8.1. Introduction

8.2. Categorical * continuous interactions

8.3. Categorical * categorical interactions

8.4. Continuous * continuous interactions

8.5. Continuous interactions and regression planes

8.6. Higher-order interactions

8.7. Chapter conclusions

9. Inferential statistics 1: Significance testing

9.1. Introduction

9.2. Effect size: Cohen’s

9.3. Cohen’s in R

9.4. Standard errors and confidence intervals

9.5. Null hypotheses

9.6. Using to measure the incompatibility with the null hypothesis

9.7. Using the -distribution to compute -values

9.8. Chapter conclusions

10. Inferential statistics 2: Issues in significance testing

10.1. Common misinterpretations of -values

10.2. Statistical power and Type I, II, M, and S errors

10.3. Multiple testing

10.4. Stopping rules

10.5. Chapter conclusions

11. Inferential statistics 3: Significance testing in a regression context

11.1. Introduction

11.2. Standard errors and confidence intervals for regression coefficients

11.3. Significance tests with multi-level categorical predictors

11.4. Another example: the absolute valence of taste and smell words

11.5. Communicating uncertainty for categorical predictors

11.6. Communicating uncertainty for continuous predictors

11.7. Chapter conclusions

12. Generalized linear models: Logistic regression

12.1. Motivating generalized linear models

12.2. Theoretical background: Data-generating processes

12.3. The log odd function and interpreting logits

12.4. Speech errors and blood alcohol concentration

12.5. Predicting the dative alternation

12.6. Analyzing gesture perception: Hassemer & Winter (2016)

12.6.1. Exploring the dataset

12.6.2. Logistic regression analysis

12.7. Chapter conclusions

13. Generalized linear models 2: Poisson regression

13.1. Motivating Poisson regression

13.2. The Poisson distribution

13.3. Analyzing linguistic diversity using Poisson regression

13.5. Negative binomial regression for overdispersed count data

13.6. Overview and summary of the generalized linear model framework

13.7. Chapter conclusions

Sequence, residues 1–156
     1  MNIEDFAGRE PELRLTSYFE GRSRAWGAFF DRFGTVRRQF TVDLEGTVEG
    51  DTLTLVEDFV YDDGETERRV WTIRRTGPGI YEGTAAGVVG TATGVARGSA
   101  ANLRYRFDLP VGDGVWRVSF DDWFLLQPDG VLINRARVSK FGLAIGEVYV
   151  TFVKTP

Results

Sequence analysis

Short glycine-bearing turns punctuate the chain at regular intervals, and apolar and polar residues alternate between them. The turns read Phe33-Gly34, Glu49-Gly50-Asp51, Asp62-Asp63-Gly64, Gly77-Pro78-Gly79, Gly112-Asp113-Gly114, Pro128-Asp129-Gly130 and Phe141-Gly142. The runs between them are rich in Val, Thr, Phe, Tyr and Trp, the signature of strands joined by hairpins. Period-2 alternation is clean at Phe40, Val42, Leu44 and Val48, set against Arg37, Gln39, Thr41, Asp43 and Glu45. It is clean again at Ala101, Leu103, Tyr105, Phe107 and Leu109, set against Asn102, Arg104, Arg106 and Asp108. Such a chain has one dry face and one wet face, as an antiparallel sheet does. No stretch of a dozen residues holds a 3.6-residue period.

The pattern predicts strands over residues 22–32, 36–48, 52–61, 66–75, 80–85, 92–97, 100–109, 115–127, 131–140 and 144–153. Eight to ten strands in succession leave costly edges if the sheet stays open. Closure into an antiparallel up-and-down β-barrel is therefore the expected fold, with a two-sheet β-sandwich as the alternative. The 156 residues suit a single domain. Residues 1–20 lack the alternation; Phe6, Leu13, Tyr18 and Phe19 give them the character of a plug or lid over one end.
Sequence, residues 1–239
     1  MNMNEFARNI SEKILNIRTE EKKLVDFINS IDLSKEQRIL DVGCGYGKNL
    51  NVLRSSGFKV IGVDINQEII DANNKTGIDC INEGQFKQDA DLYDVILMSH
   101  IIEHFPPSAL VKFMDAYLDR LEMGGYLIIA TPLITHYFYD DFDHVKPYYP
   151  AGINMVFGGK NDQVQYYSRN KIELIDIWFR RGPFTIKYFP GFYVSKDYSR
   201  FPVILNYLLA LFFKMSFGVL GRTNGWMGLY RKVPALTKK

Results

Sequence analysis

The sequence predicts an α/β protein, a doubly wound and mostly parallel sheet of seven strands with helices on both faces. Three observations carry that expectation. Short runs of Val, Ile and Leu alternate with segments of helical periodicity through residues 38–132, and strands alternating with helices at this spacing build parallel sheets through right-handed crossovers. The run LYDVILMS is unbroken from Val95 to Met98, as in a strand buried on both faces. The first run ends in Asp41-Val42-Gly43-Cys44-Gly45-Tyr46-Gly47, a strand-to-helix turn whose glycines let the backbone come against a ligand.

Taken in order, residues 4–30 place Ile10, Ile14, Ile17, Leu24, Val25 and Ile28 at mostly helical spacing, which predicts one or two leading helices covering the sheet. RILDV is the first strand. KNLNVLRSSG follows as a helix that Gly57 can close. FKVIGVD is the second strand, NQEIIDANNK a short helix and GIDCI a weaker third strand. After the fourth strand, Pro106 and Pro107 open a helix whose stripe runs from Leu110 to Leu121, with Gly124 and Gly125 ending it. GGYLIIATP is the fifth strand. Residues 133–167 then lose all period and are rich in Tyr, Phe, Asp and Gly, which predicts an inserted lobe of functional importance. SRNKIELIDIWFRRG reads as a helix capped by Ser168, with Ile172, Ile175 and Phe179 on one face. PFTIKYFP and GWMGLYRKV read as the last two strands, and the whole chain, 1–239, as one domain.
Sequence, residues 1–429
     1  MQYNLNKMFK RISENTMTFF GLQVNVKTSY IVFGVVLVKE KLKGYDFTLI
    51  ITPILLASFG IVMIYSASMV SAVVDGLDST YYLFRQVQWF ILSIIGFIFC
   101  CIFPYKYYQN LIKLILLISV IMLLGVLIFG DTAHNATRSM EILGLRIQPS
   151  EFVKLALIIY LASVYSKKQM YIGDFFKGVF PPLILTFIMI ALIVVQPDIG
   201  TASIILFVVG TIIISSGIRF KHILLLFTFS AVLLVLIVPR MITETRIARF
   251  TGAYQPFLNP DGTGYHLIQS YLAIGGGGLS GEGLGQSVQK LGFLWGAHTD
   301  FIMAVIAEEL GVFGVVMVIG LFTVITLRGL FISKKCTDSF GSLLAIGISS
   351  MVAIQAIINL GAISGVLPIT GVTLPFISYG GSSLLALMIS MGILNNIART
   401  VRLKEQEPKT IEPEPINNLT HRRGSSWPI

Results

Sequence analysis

14. Mixed models 1: Conceptual introduction

14.1. Introduction

14.2. The independence assumption

14.3. Dealing with non-independence via experimental design and averaging

14.4. Mixed models: Varying intercepts and varying slopes

14.5. More on varying intercepts and varying slopes

14.6. Interpreting random effects and random effect correlations

14.7. Specifying mixed effects models: lme4 syntax

14.9. Chapter conclusions

15. Mixed models 2: Extended example, significance testing, convergence issues

15.1. Introduction

15.2. Simulating vowel durations for a mixed model analysis

15.3. Analyzing the simulated vowel durations with mixed models

15.4. Extracting information out of lme4 objects

15.5. Messing up the model

15.6. Likelihood ratio tests

15.7. Remaining issues

15.7.1. -squared for mixed models

15.7.2. Predictions from mixed models

15.7.3. Convergence issues

15.8. Mixed logistic regression: Ugly selfies

15.9. Shrinkage and individual differences

15.10. Chapter conclusions

16. Outlook and strategies for model building

16.1. What you have learned so far

16.2. Model choice

16.3. The cookbook approach

16.4. Stepwise regression

16.5. A plea for subjective and theory-driven statistical modeling

16.6. Reproducible research

16.7. Closing words

References

Appendix A. Correspondences between significance tests and linear models